I think the proof of how strong social media can be was proven time and again at the EMS EXPO this week. Not only easily proved by the amount of EMS bloggers who were at booths, but how about the fact that EMS1 itself was Twittering and doing Facebook updates. Hell, EMS1 had the equivalent of a Twitter scavenger hunt.

Social media has helped my a huge leap in letting medical professionals from all over the world come together, share some war stories, laugh together, and learn from each other. I've learned about other systems, world wide, in the past 18 months, then I did in the first 7 years of my career.

Yes, there need to be rules. But really, it doesn't require much more then common sense. I really think the positives far outweigh the negatives on this one.

but only during major emergencies/disasters where the public needs to be notified. Obviously the information that John writes about (patient info) is off-limits. But if I want to notify the public that a major highway is shut down due to a multiple-vehicle accident, then I do so on Twitter. And other emergency managers who follow me retweet it out to their contacts as well and the information gets well dispersed within the emergency management and public safety communities. But there is a downside to Twitter, which I will discuss shorty.

Here in Silicon Valley (where I live), we have an "official" emergency notification system called "AlertSCC" ( that is used by both Santa Clara County & the cities within the County, including San Jose.

AlertSCC is the means of communication used by the Santa Clara County Emergency Management office to alert the public (those outside the reach of emergency dispatch) when information the EM office would like widely disseminated during major events such as earthquakes and fires. Only trained, credentialed officials have access to the notification system including city officials, county emergency managers, fire chiefs from different jurisdictions, certain EMS officials, and certain police officials. I do not have access to the AlertSCC notification system, but some people who follow my tweets do.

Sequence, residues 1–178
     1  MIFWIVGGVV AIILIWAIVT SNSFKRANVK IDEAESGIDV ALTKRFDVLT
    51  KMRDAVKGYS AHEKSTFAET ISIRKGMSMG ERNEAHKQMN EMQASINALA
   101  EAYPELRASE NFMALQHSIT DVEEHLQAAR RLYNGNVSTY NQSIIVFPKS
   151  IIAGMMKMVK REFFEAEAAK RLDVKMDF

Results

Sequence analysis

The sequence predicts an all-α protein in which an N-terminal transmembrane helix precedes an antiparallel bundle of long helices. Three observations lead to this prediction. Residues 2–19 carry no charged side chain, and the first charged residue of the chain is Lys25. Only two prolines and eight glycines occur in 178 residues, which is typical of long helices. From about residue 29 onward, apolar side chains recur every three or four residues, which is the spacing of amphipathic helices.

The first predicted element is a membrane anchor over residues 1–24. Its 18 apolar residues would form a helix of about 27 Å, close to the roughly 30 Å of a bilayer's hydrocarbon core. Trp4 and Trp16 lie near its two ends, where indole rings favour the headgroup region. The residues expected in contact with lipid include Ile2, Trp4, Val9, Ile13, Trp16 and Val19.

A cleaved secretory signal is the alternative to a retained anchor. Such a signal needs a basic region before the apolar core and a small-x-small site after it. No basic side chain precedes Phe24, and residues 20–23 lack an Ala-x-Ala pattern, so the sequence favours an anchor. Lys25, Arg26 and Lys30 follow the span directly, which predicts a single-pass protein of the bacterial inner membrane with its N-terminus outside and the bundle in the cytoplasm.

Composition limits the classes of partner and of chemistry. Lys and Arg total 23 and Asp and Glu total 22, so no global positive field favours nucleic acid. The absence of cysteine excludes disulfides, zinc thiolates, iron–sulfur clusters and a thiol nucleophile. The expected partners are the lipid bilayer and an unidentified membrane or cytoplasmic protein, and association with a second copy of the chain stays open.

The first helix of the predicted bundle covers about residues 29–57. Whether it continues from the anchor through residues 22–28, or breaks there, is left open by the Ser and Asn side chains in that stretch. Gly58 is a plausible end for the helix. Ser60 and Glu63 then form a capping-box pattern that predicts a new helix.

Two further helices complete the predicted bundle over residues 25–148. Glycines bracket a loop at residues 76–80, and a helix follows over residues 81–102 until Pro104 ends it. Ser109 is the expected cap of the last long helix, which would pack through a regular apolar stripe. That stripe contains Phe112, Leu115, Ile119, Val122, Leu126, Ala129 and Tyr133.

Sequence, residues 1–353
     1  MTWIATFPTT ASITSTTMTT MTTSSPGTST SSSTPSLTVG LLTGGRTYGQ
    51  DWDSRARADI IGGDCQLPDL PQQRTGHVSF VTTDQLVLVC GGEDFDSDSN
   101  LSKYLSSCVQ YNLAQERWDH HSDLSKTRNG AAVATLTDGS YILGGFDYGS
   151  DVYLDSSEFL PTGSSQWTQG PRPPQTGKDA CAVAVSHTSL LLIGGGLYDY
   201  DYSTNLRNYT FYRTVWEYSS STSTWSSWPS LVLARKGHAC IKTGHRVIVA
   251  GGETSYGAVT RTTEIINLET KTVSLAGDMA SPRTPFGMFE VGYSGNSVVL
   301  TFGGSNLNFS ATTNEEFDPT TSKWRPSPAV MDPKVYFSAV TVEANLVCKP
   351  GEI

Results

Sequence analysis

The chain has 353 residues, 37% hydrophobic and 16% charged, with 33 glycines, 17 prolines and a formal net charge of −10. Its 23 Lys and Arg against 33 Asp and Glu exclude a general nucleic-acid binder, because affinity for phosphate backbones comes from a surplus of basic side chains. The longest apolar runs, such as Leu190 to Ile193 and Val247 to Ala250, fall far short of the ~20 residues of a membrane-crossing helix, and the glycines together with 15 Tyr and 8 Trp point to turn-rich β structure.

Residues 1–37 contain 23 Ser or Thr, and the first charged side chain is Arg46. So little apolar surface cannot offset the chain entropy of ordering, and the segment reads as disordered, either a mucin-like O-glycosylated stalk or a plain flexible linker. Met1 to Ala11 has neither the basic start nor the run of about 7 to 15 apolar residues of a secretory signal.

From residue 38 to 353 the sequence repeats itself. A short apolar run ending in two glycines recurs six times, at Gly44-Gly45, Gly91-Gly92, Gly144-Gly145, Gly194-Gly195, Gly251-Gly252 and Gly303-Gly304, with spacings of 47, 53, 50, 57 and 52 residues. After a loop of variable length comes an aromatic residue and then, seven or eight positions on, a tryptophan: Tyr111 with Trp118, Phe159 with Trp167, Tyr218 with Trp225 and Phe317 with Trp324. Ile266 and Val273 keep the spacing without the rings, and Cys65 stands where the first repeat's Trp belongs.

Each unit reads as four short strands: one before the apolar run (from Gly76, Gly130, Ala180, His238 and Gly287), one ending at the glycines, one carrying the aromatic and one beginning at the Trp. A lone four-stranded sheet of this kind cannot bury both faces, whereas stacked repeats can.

Here's the rub:

Since AlertSCC is the "official" notification system, it is required to use verified information, or in other words, verify that the information going out to the public & first responders is accurate. Verifying information during an emergency or disaster takes time. Twitter does not require this verification, so it is almost always the first method of communication that takes place during the initial moments of an emergency. So Twitter is faster, but not always as accurate. AlertSCC is slower but verifies the information before notification... and yes, sometimes AlertSCC relies on "tweets" from reputable sources such as fire chiefs, EMS managers, police captains, and other mid-to-high level emergency managers.

A good example of this dichotomy took place a month ago during the San Bruno pipeline explosion. One of the first tweets on the explosion came from an off-duty EMS provider that was near the scene shortly after the fireball rose up in the air. Within the first 5 minutes of the explosion incident, several dozen tweets went out, including the EMS provider's retweets, which many public safety officials found useful as a way to understand what was going on in a neighborhood in San Bruno, CA.

But for the first hour (about 55 minutes, to be exact), almost all of the tweets (my guess is around 90%), stated that a commercial airliner had crashed into that neighborhood (San Bruno is just west of the San Francisco Int'l airport, and the explosion was less than a mile west of the airport) which had caused a huge fireball visible for miles, and set fire to over two dozen structures.

This information wasn't completely accurate as the fire was caused by a natural gas explosion. In fact even the on-scene firefighters didn't understand that they were dealing with a pipeline explosion rather than a natural gas explosion for the first few moments (around 15-20 minutes by my estimation) of the event.

In this case, the misinformation or incorrect information was inconsequential... and it served to notify public safety personnel (off-duty firefighters, police, ems, public health officials, emergency mgmt officials... CALFIRE...etc) that a large event had occurred and those who were off-duty were likely to be called in to work.